Once upon a time I was fairly certain I’d be a music video director. I knew musicians who said they wanted to make them, I had some ideas and, most importantly, I was eager to work. Aside from one, really, this didn’t happen. As I sit here thinking about music videos I realize I have feelings about music videos in general. As anyone in my household knows, I believe that feelings should be shared. So, here we go.
First off, I like music videos. A lot. I was born in 1978 and I think this might play a part in the matter. I’m not sure what the first music video I saw was but when I did start seeing them they were a revelation. Whether it was the Dire Straits or Billy Idol or Bon Jovi I was pleased to see and hear everything.
At the time I wasn’t thinking about the kinds of music videos or what was possible with the art form. Mind you, I was a kid, but it was interesting to experience the various kinds of videos and to occasionally think about why I liked what I liked. Obviously this was on a very simple and basic level.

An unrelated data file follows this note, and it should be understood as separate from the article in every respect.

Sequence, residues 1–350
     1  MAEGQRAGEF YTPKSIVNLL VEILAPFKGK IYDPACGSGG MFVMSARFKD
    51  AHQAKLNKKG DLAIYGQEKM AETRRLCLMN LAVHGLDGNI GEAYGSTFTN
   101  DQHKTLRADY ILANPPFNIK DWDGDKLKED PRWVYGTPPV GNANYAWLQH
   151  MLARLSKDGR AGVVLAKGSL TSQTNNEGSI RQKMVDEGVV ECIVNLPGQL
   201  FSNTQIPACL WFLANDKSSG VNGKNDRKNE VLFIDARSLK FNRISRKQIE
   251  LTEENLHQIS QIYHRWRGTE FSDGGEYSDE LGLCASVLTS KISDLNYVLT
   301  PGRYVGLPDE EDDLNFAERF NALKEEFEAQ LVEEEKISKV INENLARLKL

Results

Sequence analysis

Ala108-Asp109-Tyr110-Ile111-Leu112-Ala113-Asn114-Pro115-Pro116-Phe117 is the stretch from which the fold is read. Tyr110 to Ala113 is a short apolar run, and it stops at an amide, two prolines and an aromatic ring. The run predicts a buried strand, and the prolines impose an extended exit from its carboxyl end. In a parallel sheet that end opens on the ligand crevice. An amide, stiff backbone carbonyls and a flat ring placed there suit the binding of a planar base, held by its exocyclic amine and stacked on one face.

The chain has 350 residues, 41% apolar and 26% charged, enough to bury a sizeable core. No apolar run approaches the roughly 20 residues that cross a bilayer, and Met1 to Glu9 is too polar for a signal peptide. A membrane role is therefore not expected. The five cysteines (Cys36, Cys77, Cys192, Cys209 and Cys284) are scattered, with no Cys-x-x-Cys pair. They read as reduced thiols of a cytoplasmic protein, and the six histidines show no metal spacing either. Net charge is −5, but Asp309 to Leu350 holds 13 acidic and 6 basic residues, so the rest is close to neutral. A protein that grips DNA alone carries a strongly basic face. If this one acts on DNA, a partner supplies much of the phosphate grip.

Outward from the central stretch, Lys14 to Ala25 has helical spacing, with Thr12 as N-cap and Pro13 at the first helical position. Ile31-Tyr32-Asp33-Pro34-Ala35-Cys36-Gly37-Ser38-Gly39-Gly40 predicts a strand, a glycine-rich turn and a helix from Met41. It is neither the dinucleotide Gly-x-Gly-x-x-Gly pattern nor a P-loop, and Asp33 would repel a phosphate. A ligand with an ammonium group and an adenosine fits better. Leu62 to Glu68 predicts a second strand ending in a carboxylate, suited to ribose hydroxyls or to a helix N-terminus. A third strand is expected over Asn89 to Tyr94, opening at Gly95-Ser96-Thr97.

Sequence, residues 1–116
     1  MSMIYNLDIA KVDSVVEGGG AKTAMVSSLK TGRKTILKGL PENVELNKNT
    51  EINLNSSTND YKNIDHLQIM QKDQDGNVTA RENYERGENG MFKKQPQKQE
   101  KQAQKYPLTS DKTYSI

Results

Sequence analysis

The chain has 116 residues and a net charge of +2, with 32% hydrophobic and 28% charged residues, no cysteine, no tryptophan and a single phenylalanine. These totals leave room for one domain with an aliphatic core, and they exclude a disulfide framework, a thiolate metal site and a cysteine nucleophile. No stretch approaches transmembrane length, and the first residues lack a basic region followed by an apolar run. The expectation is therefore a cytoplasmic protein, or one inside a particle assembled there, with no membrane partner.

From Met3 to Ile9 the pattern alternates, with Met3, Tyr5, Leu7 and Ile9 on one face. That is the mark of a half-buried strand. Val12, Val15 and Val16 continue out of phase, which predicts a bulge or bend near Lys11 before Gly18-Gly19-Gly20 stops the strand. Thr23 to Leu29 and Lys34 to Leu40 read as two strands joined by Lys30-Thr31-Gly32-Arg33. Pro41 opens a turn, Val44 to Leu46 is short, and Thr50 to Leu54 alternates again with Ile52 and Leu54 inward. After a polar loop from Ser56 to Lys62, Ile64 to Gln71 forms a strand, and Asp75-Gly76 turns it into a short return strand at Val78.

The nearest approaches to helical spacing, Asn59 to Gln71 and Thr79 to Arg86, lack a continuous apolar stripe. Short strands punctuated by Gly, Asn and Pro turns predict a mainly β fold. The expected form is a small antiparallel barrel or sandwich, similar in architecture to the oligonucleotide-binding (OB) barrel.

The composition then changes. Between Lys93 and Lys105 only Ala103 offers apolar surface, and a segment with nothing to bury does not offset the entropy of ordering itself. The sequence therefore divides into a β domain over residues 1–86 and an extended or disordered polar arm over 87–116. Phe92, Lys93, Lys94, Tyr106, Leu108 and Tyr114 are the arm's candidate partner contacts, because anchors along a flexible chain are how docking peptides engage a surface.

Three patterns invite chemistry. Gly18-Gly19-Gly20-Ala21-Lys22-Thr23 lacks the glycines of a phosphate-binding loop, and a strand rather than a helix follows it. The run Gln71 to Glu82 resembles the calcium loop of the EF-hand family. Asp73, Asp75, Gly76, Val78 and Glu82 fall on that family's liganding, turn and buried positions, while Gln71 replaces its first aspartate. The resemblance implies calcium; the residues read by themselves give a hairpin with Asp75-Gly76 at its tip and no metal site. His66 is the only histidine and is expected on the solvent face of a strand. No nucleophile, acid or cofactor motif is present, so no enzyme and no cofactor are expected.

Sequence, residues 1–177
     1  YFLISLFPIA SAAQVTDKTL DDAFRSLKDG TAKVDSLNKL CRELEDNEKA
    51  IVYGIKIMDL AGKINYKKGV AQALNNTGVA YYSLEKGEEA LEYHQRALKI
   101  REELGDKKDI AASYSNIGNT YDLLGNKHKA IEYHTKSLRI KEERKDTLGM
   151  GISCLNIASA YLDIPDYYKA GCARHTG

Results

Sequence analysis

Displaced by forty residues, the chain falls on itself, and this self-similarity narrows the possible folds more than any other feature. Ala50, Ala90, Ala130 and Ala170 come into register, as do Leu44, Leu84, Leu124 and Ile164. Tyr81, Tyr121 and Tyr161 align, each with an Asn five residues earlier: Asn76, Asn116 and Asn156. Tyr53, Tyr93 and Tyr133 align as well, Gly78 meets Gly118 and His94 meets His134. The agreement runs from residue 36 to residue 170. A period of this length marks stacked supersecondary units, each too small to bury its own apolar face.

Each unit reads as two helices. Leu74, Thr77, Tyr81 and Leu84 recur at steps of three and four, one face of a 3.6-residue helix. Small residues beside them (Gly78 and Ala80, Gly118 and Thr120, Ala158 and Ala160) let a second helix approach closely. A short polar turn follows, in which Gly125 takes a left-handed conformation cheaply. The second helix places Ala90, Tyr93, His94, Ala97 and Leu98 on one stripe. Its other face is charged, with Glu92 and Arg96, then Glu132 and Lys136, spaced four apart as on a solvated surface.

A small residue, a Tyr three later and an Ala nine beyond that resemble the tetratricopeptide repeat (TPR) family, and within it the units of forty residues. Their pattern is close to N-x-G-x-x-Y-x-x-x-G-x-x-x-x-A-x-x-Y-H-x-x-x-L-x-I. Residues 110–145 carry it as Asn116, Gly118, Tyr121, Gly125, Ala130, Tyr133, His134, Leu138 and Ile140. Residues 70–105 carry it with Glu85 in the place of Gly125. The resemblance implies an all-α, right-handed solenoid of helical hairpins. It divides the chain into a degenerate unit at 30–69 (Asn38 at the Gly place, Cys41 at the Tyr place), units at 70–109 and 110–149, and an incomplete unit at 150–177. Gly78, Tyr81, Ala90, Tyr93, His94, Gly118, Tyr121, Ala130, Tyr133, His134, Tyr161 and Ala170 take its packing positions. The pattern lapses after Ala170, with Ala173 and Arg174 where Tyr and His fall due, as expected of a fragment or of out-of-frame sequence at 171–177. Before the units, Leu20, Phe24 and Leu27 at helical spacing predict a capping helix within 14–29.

It was only later, when I myself was editing video and pairing it with music that I truly had the experience of seeing how the two could shape and change one another. The purpose of these posts about music videos is that I’d like to spread a lot of love around and share a thought or two.
To begin, I’d like to write a bit about the music videos of OK Go. If there is one band who is consistently making interesting, fun and inventive music videos it’s them. From ‘Here it Goes Again’ and their treadmill antics to ‘White Knuckles’ and its adorable rescue dogs to the Rube Goldberg madness of ‘This Too Shall Pass’ and zero gravity stunts of ‘Upside Down & Inside Out’ they always deliver entertaining videos. I am posting what might be my favorite video of theirs below. The amount of work that went into this video boggles my mind.
A shadow early on reveals that this was shot with a drone in what appears to be one take. To work out the timing of the band on their small scooters, the choreography of the dancers and the opening and closing of the umbrellas and the camera placement is just incredible.